Space History: Big Joe 1 and STS-64

Fifty years ago today — September 9, 1959 — the Mercury capsule test “Big Joe 1” launched from Cape Canaveral on an Atlas rocket. The booster operated nominally but its two outboard engines didn’t separate as planned, which left the payload 500 miles short of the predicted impact point; the overall test flight was still considered a success.

(Big Joe launch vehicle. Click to enlarge. USAF photo from the Johnson Space Center image collection.)

And fifteen years ago today, in 1994, Richard N. Richards, L. Blaine Hammond, Jr., Jerry M. Linenger, Susan J. Helms, Carl J. Meade, and Mark C. Lee launched from the Kennedy Space Center aboard Space Shuttle Discovery on mission STS-64.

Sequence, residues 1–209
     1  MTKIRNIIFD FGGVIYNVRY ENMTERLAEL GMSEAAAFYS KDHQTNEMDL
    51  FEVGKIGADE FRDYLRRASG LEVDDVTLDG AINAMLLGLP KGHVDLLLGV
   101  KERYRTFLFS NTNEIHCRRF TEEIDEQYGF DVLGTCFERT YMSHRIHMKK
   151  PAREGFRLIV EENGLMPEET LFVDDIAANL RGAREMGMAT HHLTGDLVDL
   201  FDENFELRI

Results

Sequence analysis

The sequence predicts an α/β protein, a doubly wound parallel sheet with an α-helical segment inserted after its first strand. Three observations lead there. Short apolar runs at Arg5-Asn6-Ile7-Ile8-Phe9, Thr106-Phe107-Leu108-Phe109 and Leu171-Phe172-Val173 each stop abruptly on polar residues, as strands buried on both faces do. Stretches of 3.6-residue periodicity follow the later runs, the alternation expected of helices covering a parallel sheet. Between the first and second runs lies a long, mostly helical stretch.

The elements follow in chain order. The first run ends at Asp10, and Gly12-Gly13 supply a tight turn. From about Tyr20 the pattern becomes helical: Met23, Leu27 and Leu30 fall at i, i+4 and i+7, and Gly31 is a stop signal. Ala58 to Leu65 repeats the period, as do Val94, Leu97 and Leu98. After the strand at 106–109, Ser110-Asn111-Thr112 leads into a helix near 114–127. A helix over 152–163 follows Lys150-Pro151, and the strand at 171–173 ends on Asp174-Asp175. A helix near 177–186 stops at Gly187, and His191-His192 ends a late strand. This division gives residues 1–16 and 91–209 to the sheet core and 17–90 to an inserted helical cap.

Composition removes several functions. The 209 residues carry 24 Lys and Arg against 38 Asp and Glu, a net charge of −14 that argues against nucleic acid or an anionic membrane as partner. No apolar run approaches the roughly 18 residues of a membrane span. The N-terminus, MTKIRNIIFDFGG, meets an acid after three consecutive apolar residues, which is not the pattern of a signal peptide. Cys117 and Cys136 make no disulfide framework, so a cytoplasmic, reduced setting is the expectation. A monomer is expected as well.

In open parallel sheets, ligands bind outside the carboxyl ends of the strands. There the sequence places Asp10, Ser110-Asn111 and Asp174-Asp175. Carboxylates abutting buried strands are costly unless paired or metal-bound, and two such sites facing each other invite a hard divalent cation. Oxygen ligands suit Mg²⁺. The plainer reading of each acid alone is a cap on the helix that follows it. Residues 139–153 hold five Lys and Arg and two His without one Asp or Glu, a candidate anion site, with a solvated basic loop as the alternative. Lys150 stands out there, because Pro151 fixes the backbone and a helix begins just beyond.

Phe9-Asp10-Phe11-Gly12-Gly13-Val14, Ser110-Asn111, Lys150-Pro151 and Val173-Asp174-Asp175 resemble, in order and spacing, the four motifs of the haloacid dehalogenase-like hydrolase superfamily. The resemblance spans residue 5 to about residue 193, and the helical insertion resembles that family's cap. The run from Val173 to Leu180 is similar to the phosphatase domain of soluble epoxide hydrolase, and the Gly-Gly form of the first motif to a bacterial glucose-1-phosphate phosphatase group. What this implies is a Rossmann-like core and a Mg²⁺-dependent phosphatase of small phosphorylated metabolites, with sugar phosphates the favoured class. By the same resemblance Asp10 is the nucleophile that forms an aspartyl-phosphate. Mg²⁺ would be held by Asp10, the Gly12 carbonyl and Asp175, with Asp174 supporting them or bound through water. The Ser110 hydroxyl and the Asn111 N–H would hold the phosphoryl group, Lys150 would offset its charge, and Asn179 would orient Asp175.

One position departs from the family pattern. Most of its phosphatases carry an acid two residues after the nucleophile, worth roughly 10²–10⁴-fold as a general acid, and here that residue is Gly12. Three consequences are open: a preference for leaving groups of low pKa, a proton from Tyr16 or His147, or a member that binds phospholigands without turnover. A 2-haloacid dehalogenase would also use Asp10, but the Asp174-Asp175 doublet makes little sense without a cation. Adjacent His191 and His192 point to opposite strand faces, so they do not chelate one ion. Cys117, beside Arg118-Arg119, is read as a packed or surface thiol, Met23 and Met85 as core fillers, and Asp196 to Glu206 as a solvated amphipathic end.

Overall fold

(STS-64 mission patch, from NASA.)

The STS-64 mission was the first flight of the LIDAR (i.e., light detection and ranging, like radar but with lasers instead of radio) In-Space Technology Experiment, or “LITE.” Astronauts Lee and Meade accomplished the first untethered U.S. space walk in 10 years.

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